|dc.description.abstract||Autonomous emergency maneuvering (AEM) is an active safety system that automates safe maneuvers to avoid imminent collision, particularly in highway driving situations. Uncertainty about the surrounding vehicles’ decisions and also about the road condition, which has significant effects on the vehicle’s maneuverability, makes it challenging to implement the AEM strategy in practice. With the rise of vehicular networks and connected vehicles, vehicles would be able to share their perception and also intentions with other cars. Therefore, cooperative AEM can incor- porate surrounding vehicles’ decisions and perceptions in order to improve vehicles’ predictions and estimations and thereby provide better decisions for emergency maneuvering.
In this thesis, we develop an adaptive, cooperative motion planning scheme for emergency maneuvering, based on the model predictive control (MPC) approach, for vehicles within a ve- hicular network. The proposed emergency maneuver planning scheme finds the best combination of longitudinal and lateral maneuvers to avoid imminent collision with surrounding vehicles and obstacles. To implement real-time MPC for the non-convex problem of collision free motion planning, safety constraints are suggested to be convexified based on the road geometry. To take advantage of vehicular communication, the surrounding vehicles’ decisions are incorporated in the prediction model to improve the motion planning results.
The MPC approach is prone to loss of feasibility due to the limited prediction horizon for decision-making. For the autonomous vehicle motion planning problem, many of detected ob- stacles, which are beyond the prediction horizon, cannot be considered in the instantaneous de- cisions, and late consideration of them may cause infeasibility. The conditions that guarantee persistent feasibility of a model predictive motion planning scheme are studied in this thesis. Maintaining the system’s states in a control invariant set of the system guarantees the persis- tent feasibility of the corresponding MPC scheme. Specifically, we present two approaches to compute control invariant sets of the motion planning problem; the linearized convexified ap- proach and the brute-force approach. The resulting computed control invariant sets of these two approaches are compared with each other to demonstrate the performance of the proposed algorithm.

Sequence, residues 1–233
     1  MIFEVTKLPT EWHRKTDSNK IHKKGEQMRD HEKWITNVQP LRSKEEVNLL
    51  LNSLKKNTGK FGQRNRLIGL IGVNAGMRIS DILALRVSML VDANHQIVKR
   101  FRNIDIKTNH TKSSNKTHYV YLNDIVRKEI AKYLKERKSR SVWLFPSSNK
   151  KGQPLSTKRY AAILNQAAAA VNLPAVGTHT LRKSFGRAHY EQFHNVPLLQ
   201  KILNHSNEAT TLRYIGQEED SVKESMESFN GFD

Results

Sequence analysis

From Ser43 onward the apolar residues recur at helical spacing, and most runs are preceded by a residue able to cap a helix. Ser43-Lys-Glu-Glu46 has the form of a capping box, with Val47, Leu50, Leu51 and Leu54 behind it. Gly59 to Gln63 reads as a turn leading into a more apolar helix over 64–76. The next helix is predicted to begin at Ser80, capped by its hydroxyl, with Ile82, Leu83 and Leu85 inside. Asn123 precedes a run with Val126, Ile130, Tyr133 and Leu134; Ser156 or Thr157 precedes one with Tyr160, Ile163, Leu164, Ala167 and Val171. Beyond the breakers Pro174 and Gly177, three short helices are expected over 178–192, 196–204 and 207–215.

Time-variation of the road condition affects the vehicle dynamics and constraints. Therefore, it necessitates the on-line identification of the road friction parameter and implementation of an adaptive emergency maneuver motion planning scheme. In this thesis, we investigate coopera- tive road condition estimation in order to improve collision avoidance performance of the AEM system. Each vehicle estimates the road condition individually, and disseminates it through the vehicular network. Accordingly, a consensus estimation algorithm fuses the individual estimates to find the maximum likelihood estimate of the road condition parameter. The performance of the proposed cooperative road condition estimation has been validated through simulations.||en